If you’re a surgeon wanting to move to another state, consult our list of the 11 highest paying states for surgeons first, to help you decide.
Surgery is a branch of medicine centered on operating on the patient using specialized medical instruments to treat injuries or disorders of the body. The human body is extremely complex and delicate, which is why surgery is often highly dangerous, and requires both years of training and a high mental stamina to perfect. An array of manipulations, incisions and technique constitute surgical procedures, which is why every surgery requires a surgical assistant and in many cases, such as transplants and emergency surgeries, an entire surgical team. There are a variety of available specializations in this field, for example, orthopedic surgery, neurosurgery, oral surgery or abdominal/general surgery.
Surgery plays a vital role in medicine, which is exhibited by the fact that it was practiced as far back as in 1600 BC. In the modern world, surgeons have to complete at least 10 years of education before they are able to practice medicine, which includes college, medical school, residency, certification and specialization. The residency alone takes a while; anywhere between three to eight years. Because of all this hard work, and extreme responsibility that comes with the job, the average surgeon in the United States makes over $350,000 every year.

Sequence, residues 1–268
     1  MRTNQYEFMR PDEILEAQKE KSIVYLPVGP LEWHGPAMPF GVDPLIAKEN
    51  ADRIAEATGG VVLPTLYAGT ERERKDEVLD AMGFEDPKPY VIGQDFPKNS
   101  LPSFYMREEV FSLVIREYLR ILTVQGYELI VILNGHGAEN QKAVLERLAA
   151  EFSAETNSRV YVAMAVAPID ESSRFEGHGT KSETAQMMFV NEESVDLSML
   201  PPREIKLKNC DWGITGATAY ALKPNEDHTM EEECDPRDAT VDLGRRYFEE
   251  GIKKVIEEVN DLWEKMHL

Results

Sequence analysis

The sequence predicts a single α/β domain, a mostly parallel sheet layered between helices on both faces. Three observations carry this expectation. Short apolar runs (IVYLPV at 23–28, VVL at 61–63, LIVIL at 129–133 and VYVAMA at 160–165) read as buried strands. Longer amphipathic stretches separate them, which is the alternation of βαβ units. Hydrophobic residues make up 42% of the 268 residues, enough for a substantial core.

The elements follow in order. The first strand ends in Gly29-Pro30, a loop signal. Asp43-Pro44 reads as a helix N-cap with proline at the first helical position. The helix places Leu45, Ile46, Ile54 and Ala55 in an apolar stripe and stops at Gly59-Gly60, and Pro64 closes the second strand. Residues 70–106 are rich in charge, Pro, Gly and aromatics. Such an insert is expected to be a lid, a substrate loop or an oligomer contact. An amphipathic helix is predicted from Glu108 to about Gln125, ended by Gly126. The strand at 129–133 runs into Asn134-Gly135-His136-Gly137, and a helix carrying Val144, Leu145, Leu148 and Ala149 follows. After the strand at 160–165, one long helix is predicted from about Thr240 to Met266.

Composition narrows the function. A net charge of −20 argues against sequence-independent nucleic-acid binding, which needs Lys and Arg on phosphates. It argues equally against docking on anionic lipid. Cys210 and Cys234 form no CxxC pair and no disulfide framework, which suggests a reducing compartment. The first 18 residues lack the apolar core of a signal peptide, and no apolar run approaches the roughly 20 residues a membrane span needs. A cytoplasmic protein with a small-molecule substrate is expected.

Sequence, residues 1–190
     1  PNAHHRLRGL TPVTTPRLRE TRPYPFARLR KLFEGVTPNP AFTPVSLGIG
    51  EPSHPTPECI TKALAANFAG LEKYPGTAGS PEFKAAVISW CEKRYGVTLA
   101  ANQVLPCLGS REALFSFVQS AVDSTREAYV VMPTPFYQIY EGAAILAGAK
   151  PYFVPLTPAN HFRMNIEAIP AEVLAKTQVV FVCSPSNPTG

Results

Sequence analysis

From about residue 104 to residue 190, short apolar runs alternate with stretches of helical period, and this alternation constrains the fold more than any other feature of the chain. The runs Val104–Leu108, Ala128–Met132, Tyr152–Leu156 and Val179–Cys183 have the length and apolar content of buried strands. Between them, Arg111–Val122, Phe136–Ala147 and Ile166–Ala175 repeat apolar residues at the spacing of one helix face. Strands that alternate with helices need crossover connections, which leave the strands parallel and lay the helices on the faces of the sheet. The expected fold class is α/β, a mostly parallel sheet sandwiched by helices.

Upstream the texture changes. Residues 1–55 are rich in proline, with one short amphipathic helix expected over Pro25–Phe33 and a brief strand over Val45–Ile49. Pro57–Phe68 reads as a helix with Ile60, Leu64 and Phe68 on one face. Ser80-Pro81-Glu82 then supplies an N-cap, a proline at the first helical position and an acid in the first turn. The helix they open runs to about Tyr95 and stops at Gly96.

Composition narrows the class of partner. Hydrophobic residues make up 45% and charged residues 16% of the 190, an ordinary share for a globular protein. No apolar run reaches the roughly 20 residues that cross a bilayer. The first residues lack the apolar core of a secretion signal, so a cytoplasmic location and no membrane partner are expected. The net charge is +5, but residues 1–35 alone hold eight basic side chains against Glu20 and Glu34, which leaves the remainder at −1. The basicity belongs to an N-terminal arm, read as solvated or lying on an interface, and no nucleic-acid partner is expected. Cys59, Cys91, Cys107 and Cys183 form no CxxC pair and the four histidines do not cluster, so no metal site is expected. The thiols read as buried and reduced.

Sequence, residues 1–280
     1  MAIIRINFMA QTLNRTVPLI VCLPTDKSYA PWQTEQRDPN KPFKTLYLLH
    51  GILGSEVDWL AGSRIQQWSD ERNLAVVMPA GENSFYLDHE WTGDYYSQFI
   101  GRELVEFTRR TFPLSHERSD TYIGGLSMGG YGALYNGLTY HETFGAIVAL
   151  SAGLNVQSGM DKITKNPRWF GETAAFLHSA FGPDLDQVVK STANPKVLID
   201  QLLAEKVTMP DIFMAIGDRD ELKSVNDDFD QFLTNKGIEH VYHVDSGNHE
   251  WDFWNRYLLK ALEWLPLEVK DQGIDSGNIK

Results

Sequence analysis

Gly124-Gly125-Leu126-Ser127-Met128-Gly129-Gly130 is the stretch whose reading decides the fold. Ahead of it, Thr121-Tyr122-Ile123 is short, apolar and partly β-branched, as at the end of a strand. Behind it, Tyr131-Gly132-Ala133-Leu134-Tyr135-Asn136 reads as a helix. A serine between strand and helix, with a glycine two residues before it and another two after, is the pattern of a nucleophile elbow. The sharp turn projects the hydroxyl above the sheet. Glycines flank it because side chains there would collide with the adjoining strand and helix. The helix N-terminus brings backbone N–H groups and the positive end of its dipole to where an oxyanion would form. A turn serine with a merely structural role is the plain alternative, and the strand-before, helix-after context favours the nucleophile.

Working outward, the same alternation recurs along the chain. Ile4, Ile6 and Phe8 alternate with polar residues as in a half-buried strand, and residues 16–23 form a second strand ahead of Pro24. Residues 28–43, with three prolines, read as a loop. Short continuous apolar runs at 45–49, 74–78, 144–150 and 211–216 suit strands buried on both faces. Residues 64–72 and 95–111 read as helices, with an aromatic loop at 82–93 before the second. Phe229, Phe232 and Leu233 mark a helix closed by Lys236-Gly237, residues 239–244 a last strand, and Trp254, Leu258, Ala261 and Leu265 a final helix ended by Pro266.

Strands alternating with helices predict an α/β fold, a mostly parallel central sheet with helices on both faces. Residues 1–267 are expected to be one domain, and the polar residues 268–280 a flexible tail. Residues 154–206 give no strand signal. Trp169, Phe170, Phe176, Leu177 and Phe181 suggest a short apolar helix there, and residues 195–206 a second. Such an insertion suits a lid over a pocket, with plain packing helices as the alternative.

If, however, you’re more inclined towards another field in medicine, like radiology, take a look at our list of the 11 highest paying states for radiologists.
To compile our list, we took salary statistics for every state from Salary Expert. Furthermore, we took employment figures for the highest paying states from the fact-finding report issued by the Bureau of Labor Statistics. The reason we did not utilize the latter for salaries is because data was missing for several states, many of which were the highest paying in the country.
Now that we’ve covered the basics, let’s get on with the 11 highest paying states for surgeons!